In embodiments, the marker includes antithrombogenic, drug delivery, bonding, and/or compatibility layers. Suitable antithrombogenic layers include medical polymers such as styrene-isobutylene-styrene, polysaccharides, electroactive polymers, such as polypyrrole, metals such as stainless steel, or ceramics such as iridium-oxide. Suitable drug eluting layers include drug coatings or polymer coatings including drugs. Suitable drugs, particular for vascular applications include antithrombogenics or antiproliferatives. Other suitable drugs include antibiotic or antiviral compounds. Suitable drug-delivery polymers include biodegradable materials. Alternatively or additionally, the drug-delivery polymers may be, for example, homopolymers or copolymers, crosslinked or uncrosslinked, linear or branched, natural or synthetic, thermoplastic or thermosetting. Examples of drug-delivery polymers include the following: polycarboxylic acid polymers and copolymers including polyacrylic acids; acetal polymers and copolymers; acrylate and methacrylate polymers and copolymers (e.g., n-butyl methacrylate); cellulosic polymers and copolymers, including cellulose acetates, cellulose nitrates, cellulose propionates, cellulose acetate butyrates, cellophanes, rayons, rayon triacetates, and cellulose ethers such as carboxymethyl celluloses and hydoxyalkyl celluloses; polyoxymethylene polymers and copolymers; polyimide polymers and copolymers such as polyether block imides, polyamidimides, polyesterimides, and polyetherimides; polysulfone polymers and copolymers including polyarylsulfones and polyethersulfones; polyamide polymers and copolymers including nylon 6,6, polycaprolactams and polyacrylamides; resins including alkyd resins, phenolic resins, urea resins, melamine resins, epoxy resins, allyl resins and epoxide resins; polycarbonates; polyacrylonitriles; polyvinylpyrrolidones (cross-linked and otherwise); polymers and copolymers of vinyl monomers including polyvinyl alcohols, polyvinyl halides such as polyvinyl chlorides, ethylene-vinylacetate copolymers (EVA), polyvinylidene chlorides, polyvinyl ethers such as polyvinyl methyl ethers, styrene polymers and copolymers such as polystyrenes, styrene-maleic anhydride copolymers, styrene-butadiene copolymers, styrene-ethylene-butylene copolymers (e.g., a polystyrene-polyethylene/butylene-polystyrene (SEBS) copolymer, available as KratonŽ G series polymers), acrylonitrile-styrene copolymers, acrylonitrile-butadiene-styrene copolymers, styrene-butadiene copolymers and styrene-isobutylene copolymers (e.g., polyisobutylene-polystyrene block copolymers such as SIBS, see, e.g., U.S. Pat. No. 6,545,097), polyvinyl ketones, polyvinylcarbazoles, and polyvinyl esters such as polyvinyl acetates; polybenzimidazoles; ionomers; polyalkyl oxide polymers and copolymers including polyethylene oxides (PEO); glycosaminoglycans; polyesters including polyethylene terephthalates and aliphatic polyesters such as polymers and copolymers of lactide (which includes lactic acid as well as d-, l- and meso lactide), epsilon-caprolactone, glycolide (including glycolic acid), hydroxybutyrate, hydroxyvalerate, para-dioxanone, trimethylene carbonate (and its alkyl derivatives), 1,4-dioxepan-2-one, 1,5-dioxepan-2-one, and 6,6-dimethyl-1,4-dioxan-2-one (a copolymer of polylactic acid and polycaprolactone is one specific example); polyether polymers and copolymers including polyarylethers such as polyphenylene ethers, polyether ketones, polyether ether ketones; polyphenylene sulfides; polyisocyanates; polyolefin polymers and copolymers, including polyalkylenes such as polypropylenes, polyethylenes (low and high density, low and high molecular weight), polybutylenes (such as polybut-1-ene and polyisobutylene), poly-4-methyl-pen-1-enes, ethylene-alpha-olefin copolymers, ethylene-methyl methacrylate copolymers and ethylene-vinyl acetate copolymers; fluorinated polymers and copolymers, including polytetrafluoroethylenes (PTFE), poly(tetrafluoroethylene-co-hexafluoropropene) (FEP), modified ethylene-tetrafluoroethylene copolymers (ETFE), and polyvinylidene fluorides (PVDF); silicone polymers and copolymers; polyurethanes; p-xylylene polymers; polyiminocarbonates; copoly(ether-esters) such as polyethylene oxide-polylactic acid copolymers; polyphosphazines; polyalkylene oxalates; polyoxaamides and polyoxaesters (including those containing amines and/or amido groups); polyorthoesters; biopolymers, such as polypeptides, proteins, polysaccharides and fatty acids (and esters thereof), including fibrin, fibrinogen, collagen, elastin, chitosan, gelatin, starch, glycosaminoglycans such as hyaluronic acid; as well as blends and additional copolymers of the above.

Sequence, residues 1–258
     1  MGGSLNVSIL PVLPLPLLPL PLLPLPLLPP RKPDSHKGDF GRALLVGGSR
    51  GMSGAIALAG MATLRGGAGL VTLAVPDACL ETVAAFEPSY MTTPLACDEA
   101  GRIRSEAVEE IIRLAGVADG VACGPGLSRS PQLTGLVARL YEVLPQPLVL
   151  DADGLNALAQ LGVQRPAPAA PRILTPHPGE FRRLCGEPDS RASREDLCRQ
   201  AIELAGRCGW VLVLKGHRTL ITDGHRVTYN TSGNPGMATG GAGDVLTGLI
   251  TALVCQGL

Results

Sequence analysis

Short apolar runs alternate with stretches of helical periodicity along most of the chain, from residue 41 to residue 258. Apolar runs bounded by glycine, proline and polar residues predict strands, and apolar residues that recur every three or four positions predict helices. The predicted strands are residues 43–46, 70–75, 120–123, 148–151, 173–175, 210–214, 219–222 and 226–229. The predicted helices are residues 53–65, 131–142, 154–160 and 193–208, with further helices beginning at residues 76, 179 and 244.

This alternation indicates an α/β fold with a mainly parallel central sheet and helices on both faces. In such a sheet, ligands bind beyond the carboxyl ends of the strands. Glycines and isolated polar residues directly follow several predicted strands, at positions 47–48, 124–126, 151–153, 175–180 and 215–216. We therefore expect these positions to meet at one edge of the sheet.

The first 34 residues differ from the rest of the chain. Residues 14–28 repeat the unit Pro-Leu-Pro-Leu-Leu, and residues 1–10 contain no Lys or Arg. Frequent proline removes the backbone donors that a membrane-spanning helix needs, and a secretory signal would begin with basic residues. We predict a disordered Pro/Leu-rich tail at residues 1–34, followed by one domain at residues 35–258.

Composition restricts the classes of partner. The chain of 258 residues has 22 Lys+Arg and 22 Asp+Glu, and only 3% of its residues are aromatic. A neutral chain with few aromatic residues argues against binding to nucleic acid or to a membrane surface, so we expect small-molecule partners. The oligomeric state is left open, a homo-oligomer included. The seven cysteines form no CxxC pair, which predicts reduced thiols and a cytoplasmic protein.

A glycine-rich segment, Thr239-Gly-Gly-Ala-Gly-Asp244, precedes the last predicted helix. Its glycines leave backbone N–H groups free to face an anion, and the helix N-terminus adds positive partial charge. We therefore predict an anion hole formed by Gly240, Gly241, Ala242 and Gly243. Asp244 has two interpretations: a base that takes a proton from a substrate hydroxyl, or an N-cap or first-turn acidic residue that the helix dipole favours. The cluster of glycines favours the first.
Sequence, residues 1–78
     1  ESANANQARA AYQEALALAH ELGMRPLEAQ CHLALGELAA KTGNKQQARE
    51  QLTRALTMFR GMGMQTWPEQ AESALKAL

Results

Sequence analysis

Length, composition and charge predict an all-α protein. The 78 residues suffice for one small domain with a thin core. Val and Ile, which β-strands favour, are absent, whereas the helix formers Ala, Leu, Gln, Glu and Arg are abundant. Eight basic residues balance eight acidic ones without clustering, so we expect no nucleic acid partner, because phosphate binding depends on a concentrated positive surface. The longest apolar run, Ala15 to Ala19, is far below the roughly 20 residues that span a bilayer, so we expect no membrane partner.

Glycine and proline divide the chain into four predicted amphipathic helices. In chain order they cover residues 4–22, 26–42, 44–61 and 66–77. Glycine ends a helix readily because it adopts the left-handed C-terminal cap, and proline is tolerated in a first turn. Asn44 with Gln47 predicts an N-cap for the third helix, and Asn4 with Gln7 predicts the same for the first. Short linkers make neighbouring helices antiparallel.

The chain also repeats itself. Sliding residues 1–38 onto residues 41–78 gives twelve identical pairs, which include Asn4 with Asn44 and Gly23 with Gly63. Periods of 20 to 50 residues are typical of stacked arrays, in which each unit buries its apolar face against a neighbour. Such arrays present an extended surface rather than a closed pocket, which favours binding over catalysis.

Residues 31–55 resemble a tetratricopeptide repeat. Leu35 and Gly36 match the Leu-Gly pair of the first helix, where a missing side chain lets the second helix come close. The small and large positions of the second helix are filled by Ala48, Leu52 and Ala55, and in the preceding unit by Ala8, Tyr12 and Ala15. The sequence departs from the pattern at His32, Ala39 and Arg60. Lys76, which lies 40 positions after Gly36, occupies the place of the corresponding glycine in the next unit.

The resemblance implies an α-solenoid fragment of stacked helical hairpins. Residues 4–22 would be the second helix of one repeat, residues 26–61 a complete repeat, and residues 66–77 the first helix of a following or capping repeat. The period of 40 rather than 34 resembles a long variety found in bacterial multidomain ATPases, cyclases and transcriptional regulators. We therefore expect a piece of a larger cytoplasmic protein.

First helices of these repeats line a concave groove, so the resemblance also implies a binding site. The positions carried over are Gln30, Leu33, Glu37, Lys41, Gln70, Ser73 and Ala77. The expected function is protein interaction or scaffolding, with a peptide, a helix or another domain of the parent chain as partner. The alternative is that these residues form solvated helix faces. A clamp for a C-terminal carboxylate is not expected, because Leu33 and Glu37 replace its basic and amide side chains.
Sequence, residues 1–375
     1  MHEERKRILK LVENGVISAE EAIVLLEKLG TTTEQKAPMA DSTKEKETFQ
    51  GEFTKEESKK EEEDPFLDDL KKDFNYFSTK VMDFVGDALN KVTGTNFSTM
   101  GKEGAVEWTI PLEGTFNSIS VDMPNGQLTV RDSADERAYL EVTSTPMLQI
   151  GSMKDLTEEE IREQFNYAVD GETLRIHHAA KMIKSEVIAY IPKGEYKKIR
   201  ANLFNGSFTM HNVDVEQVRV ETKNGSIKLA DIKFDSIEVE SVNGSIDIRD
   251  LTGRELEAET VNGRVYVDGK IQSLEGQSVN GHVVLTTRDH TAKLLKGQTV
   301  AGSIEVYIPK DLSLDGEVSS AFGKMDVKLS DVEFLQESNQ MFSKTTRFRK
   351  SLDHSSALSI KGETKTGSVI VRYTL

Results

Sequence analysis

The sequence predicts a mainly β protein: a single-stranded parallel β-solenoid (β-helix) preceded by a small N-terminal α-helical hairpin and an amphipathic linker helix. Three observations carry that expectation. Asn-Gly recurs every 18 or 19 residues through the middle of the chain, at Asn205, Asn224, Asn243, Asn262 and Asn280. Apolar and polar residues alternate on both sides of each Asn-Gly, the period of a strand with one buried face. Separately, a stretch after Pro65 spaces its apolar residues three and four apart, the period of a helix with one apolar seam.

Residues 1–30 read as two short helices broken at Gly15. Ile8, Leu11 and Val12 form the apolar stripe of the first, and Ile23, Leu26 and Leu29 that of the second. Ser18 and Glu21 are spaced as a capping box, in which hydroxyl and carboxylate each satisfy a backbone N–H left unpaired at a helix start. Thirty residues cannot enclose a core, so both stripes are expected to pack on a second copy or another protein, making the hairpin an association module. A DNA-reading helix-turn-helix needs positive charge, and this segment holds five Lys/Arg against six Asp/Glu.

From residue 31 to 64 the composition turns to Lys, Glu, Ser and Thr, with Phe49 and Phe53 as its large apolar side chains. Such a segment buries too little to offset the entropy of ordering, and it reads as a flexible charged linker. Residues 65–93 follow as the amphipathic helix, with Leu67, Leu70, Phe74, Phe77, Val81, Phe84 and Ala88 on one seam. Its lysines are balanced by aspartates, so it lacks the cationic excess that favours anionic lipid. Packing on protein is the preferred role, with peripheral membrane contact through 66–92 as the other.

Suitable bonding layers include polymers compatible with bonding to a medical device. For example, for melt bonding, the polymer may be the same as the polymer on the medical device to which the marker is to be attached. For adhesive bonding, the polymer may be compatible with a desired adhesive system or a heat shrink material. Suitable compatibility layers include polymers that are compatible with layers on either side of the compatible layer to avoid delamination. The number, thickness, and arrangement of the layers are selected to enhance performance.